Synchronous WPF animation

8 02 2012

WPF animations run asynchronously, this  is a fact of life I run into a while back. Searching for synchronous WPF animations delivered some stackoverflow questions and the conventional wisdom seems to be “animations are asynchronous, get over it and do stuff in the Completed event.” This is fine if you know what the next code should do and can therefore move it into the Completed handler but I was facing a different problem. I ran the animation from a COM visible method and the COM clients of my object expect the animation to be finished by the time the method returns.

The simple solution would be to add a signal to the Completed handler and then wait on this signal, so a helper function would look like this:

private void RunStoryBoardAndSignal(Storyboard sb, EventWaitHandle completedHandle)

    EventHandler handler = null;
    handler = (sender, args) =>
        sb.Completed -= handler; // remove self 
        completedHandle.Set(); // signal completion 

    sb.Completed += handler;


This method will then be called thus:

    AutoResetEvent animationDone = new AutoResetEvent(false);
    _animation.RunStoryBoardAndSignal(_sb, animationDone);

The problem is that the animation runs on the thread which ran it, so having the thread suspend itself to wait for the animation to complete prevents the animation from starting to run (also from completing…).

The trick is to create another thread for the animation, now this thread must be a UI thread otherwise no UI can take place and the COM object will have to be able to run code on this thread. Lucky .NET controls remember their owner thread so we only have to hold on to a control created in the new thread and don’t even have to save the thread.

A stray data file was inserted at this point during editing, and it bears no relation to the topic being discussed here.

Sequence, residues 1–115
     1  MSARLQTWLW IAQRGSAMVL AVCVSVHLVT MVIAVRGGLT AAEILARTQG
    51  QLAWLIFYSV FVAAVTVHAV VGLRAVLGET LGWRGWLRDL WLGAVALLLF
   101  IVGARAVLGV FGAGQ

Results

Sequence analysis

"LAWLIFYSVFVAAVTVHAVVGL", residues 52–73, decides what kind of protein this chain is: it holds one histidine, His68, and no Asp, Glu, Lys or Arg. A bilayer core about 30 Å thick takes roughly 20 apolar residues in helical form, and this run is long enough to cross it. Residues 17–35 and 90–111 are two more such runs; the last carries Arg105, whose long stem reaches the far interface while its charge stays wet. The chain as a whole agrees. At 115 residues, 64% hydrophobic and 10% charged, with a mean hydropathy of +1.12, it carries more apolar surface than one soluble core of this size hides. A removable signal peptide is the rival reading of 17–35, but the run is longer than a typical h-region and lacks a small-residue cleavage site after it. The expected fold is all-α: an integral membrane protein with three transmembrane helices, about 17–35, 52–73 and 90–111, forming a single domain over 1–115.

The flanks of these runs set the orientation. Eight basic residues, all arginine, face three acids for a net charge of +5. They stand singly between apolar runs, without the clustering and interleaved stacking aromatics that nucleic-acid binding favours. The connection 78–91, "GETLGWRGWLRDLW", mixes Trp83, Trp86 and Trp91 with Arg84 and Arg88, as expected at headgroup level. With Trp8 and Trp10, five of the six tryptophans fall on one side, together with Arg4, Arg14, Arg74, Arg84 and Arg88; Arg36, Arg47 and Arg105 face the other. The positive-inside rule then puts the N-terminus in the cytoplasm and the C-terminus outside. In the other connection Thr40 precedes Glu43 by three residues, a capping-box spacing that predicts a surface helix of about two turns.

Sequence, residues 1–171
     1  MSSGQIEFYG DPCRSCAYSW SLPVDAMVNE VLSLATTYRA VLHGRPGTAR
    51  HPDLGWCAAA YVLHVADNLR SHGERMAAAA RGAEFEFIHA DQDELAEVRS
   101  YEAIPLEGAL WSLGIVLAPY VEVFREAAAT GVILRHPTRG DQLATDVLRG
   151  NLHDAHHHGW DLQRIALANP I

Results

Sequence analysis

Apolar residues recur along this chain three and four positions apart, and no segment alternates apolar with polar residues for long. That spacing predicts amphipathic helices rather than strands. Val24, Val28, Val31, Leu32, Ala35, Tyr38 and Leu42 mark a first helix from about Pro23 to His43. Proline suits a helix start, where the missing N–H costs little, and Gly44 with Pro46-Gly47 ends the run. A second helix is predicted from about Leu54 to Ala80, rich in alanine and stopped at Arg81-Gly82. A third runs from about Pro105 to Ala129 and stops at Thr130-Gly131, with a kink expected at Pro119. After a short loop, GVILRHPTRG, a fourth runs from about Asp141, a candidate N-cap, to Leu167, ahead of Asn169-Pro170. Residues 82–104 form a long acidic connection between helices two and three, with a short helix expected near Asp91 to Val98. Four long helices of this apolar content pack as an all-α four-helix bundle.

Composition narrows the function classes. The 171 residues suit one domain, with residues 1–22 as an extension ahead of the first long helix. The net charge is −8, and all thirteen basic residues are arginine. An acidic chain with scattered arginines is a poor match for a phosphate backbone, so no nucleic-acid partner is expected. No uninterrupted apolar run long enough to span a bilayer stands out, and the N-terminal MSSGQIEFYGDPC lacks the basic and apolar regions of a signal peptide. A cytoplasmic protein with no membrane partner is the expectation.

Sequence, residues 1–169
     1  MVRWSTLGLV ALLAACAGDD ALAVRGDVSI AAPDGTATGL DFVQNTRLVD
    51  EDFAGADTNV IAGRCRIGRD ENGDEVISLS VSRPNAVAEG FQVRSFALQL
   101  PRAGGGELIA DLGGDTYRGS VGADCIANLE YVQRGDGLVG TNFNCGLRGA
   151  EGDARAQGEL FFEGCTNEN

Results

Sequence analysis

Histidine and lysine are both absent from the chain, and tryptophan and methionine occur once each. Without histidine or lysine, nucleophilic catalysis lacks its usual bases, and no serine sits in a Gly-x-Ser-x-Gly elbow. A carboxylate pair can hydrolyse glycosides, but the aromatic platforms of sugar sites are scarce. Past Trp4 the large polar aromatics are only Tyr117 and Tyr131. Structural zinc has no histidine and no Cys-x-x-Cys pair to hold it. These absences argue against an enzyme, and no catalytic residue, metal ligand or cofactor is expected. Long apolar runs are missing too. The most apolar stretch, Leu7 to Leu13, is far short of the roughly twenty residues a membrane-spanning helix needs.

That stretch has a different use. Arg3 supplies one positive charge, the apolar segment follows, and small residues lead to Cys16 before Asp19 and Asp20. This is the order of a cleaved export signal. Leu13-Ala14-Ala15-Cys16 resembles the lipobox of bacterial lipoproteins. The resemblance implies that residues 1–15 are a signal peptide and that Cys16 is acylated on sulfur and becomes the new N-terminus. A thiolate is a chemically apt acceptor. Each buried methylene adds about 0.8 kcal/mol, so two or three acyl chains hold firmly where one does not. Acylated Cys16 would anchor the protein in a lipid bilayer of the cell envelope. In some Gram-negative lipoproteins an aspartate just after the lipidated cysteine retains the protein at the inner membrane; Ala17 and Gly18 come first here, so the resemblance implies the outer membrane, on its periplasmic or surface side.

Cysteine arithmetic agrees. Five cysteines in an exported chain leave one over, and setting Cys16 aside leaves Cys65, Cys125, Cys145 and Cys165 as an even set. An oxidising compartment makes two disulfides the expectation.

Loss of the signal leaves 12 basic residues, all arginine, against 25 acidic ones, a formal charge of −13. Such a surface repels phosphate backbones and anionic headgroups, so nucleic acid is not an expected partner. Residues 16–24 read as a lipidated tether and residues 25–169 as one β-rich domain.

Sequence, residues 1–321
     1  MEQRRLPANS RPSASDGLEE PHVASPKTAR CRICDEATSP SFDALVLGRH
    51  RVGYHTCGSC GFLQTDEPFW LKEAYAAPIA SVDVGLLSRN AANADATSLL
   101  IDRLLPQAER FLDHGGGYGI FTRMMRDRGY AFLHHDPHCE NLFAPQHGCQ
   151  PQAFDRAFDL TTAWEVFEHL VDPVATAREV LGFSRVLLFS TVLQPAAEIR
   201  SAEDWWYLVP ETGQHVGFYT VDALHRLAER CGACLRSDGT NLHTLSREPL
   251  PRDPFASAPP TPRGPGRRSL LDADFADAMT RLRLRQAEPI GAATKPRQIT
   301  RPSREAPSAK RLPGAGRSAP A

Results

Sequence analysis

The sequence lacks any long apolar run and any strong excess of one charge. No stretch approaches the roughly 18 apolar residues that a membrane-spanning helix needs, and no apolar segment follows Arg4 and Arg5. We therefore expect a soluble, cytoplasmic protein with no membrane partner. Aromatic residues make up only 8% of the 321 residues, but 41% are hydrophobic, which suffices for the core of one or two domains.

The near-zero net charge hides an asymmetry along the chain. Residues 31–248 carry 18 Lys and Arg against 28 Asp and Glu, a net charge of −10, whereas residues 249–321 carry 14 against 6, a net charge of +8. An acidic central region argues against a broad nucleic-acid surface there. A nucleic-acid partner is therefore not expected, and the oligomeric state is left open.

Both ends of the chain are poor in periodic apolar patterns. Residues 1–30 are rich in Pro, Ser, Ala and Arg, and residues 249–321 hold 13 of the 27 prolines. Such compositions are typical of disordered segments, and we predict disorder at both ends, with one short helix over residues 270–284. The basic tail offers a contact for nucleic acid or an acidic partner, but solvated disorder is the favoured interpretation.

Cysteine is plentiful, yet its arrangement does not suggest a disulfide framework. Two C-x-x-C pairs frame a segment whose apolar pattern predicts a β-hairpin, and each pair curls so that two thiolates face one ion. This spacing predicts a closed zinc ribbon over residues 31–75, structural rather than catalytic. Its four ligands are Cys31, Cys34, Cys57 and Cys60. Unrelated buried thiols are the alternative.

First things first, create the new thread when the COM object is created.

    public MyComObject()
        // Create the animation on a separate thread so we can wait for the animations to finish.
        var worker = new Thread(() =>
            _animation = new AnimationControl();

            // When the window is closed (by Destroy) make sure the message loop will be stopped so the thread can die
            _animation.Closed += (sender, e) => _animation.Dispatcher.InvokeShutdown(); 

            Dispatcher.Run(); // start message loop

Since we created a thread we’ll have to clean up, this can be done after the animation is finished but since I have a few animations I leave the thread alive and terminate it when we’re done with the COM object.

    public void Destroy()
        _animation.Dispatcher.Invoke(new Action(() =>
        { _animation.Close(); }));
        _animation= null;

And now we’re set up, all we have to do is dispatch the method to other UI thread and wait for it to finish.

    public void Animate()
        AutoResetEvent animationDone = new AutoResetEvent(false);
        _animation.Dispatcher.Invoke(new Action(() =>
            _animation.RunStoryBoardAndSignal(_sb, animationDone);

Nothing to it, I hope this post will help the next person searching for “synchronous WPF animation.” 




One response

1 11 2012
Andrew BT

Hey – good post. I’m a bit thick, can you help with a complete code example to do this? I need to use animations to emulate DependencyObject.SetCurrentValue in Silverlight. Here is my blocking code, which of course doesn’t work due to threading issues:

public static void SetCurrentValueTest(this FrameworkElement dependencyObject, DependencyProperty property, object value)
var waitHandle = new ManualResetEvent(false);
var storyboard = new Storyboard();
storyboard.Duration = new Duration(TimeSpan.Zero);
var animation = new ObjectAnimationUsingKeyFrames();
animation.KeyFrames.Add(new DiscreteObjectKeyFrame(value, KeyTime.FromTimeSpan(TimeSpan.Zero)));
Storyboard.SetTarget(animation, dependencyObject);
Storyboard.SetTargetProperty(animation, new PropertyPath(property));
storyboard.Completed += (s, e) =>

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